Once you arrive at your destination, make a point of giving your business to the local businesses. Opt for a mom-and-pop shop instead of the national big-box chain. Eat at locally owned restaurants. Find tours and excursions owned and run by locals, with extra credit for those that give back to the local community.
Single-use plastics may be the epitome of convenience while traveling, but they also double as the epitome of environmental hazards. Not only do they litter the landscape and clog up landfills, but they are produced from fossil fuels that emit massive amounts of greenhouse gasses.
Go for reusable straws, coffee cups, plates, utensils, and other items that aren’t made out of plastic and chucked in the trash after a single use.
Traveling with companions? Then make it a joint mission to follow as many sustainable travel practices as possible. Instead of nagging, lead the way by example. Showcase how you are doing your part, offering to help them do the same. (Bringing along an extra reusable coffee cup and straw can never hurt.)
Sustainable travel has moved from a bright idea into reality and will hopefully continue to grow. People are embracing more sustainable practices in every activity across the board. They’re also expecting companies and governments to prioritize sustainability as a keystone of their operations.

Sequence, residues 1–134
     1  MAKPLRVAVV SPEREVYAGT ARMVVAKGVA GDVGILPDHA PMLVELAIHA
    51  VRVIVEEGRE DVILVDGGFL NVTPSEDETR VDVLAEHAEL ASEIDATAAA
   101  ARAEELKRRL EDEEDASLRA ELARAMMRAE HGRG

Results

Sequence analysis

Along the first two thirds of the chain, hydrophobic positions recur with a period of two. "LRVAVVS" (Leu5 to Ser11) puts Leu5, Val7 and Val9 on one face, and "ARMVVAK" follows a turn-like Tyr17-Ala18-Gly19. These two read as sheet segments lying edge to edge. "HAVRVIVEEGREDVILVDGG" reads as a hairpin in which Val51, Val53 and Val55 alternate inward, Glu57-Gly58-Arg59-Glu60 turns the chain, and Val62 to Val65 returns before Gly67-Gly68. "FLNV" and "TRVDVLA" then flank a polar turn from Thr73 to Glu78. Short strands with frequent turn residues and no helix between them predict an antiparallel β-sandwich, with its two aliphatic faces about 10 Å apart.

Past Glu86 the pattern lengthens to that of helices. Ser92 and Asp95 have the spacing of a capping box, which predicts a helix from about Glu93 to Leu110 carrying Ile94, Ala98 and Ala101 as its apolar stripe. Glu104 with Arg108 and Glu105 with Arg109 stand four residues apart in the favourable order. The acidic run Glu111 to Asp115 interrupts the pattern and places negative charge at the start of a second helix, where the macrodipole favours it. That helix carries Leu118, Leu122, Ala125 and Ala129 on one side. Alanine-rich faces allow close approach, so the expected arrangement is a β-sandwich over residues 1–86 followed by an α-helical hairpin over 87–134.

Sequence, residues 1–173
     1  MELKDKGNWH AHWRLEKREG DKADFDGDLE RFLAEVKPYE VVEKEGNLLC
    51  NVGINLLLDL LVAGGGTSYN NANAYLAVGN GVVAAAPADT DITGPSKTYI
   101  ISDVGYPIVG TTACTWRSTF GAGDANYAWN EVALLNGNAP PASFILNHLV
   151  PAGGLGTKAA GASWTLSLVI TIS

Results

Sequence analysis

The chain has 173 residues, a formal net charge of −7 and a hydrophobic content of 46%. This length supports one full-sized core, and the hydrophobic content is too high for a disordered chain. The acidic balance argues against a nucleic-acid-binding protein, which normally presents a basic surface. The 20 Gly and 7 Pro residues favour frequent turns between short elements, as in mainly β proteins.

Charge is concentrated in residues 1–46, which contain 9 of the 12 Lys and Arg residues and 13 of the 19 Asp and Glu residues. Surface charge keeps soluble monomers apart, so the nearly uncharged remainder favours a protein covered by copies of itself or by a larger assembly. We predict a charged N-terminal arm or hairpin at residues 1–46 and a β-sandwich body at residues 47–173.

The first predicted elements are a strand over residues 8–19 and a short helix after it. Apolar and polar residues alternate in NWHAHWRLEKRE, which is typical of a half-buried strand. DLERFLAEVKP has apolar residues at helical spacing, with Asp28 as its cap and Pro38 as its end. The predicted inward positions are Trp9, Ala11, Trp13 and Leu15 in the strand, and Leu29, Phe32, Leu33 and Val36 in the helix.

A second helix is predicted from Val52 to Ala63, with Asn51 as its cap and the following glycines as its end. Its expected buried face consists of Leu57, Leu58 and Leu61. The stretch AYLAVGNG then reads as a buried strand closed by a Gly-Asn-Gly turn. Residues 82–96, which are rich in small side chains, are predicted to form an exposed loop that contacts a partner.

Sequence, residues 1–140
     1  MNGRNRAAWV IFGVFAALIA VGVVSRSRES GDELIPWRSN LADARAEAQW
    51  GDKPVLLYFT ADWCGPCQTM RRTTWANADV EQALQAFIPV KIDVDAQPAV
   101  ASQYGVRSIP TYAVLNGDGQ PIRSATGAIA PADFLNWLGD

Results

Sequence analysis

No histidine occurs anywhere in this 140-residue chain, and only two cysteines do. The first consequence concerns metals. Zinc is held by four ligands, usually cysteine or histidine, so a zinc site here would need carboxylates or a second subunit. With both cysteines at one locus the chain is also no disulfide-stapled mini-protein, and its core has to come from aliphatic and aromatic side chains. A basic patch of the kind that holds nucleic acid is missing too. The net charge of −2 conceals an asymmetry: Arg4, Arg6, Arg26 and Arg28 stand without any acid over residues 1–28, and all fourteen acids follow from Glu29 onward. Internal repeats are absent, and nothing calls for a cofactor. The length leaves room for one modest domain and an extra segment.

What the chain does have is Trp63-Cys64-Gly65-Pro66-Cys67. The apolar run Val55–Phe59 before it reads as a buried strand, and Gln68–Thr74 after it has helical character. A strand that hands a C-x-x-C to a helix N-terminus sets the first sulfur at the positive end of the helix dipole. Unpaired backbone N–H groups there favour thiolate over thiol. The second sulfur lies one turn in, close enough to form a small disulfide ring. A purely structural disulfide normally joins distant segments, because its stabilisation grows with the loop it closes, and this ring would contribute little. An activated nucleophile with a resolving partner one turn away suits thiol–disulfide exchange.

Investors are listening, feeling the pressure to weave sustainable practices into their own businesses. Governmental agencies are also feeling the pressure, taking action with regulations that help to protect and preserve the environment.
With the goal of preserving and protecting the local environment, community, and economy, sustainable travel is a giant stride forward. But some say it’s not enough. The term “regenerative travel” has already hit the scene.
Regenerative travel goes beyond preserving and protecting. It aims to make a place better for future generations to come. Proponents claim sustainable travel is merely about slowing down an inevitable death, while regenerative travel is about creating something better altogether.
Although the regenerative travel term is buzzing around, the concept is currently stalled at the starting gate. And although consumers insist they are interested in sustainable travel, whether or not they consistently adhere to the practices remains yet to be seen.
The Vacationer’s Summer 2022 Travel Survey reports that 87% of respondents say sustainable travel was important to them. Nearly 30% said they’d follow sustainable practices no matter what, while about 52% said they’d adhere to such practices only if it doesn’t cause any inconvenience.
With disasters like Maya Bay still fresh in our minds, it’s clear that travel could use a change. The regulations introduced by Thai authorities have already shown improvements, such as black-tipped sharks and other wildlife returning to Maya Bay waters.
The reservation systems for many National Parks in the U.S. also strive to preserve the beautiful and wild places. Some areas, like Zion Canyon in Zion National Park, even have restrictions on private vehicles entering the area at all. State government or tourism authorities may need to step in to ensure these things stick.
Sustainable travel practices can certainly have a positive effect, but they’re not a panacea for preserving the earth across the board. They need to be combined with other practices that keep the world healthy and beautiful for years to come.